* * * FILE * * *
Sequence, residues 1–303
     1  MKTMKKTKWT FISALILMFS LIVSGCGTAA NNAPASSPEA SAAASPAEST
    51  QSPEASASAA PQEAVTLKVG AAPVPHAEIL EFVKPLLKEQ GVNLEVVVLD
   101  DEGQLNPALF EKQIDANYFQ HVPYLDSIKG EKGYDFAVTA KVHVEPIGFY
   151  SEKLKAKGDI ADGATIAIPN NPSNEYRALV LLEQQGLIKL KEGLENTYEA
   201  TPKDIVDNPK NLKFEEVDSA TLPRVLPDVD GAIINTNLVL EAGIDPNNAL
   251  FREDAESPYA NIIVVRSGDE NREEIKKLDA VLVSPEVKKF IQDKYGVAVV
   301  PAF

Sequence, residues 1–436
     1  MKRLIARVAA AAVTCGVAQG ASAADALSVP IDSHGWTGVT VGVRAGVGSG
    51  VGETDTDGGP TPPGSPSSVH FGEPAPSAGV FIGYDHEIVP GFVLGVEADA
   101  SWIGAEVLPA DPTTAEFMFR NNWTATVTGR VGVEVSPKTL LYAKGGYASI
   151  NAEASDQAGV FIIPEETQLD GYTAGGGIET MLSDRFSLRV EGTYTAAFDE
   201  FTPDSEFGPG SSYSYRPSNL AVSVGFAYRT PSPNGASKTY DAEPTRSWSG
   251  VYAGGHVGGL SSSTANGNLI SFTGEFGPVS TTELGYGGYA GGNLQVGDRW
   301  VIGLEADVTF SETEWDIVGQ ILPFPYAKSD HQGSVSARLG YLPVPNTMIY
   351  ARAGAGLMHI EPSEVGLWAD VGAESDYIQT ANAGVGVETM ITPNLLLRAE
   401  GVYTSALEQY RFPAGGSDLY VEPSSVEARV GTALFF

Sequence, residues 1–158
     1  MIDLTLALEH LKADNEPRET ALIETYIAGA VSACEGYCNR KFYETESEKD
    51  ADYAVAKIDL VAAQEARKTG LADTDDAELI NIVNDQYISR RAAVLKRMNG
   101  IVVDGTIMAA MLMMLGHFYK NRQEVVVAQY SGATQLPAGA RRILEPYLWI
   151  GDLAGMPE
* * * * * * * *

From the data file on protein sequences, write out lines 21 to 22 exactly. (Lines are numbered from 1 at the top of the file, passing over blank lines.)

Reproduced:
    51  ADYAVAKIDL VAAQEARKTG LADTDDAELI NIVNDQYISR RAAVLKRMNG
   101  IVVDGTIMAA MLMMLGHFYK NRQEVVVAQY SGATQLPAGA RRILEPYLWI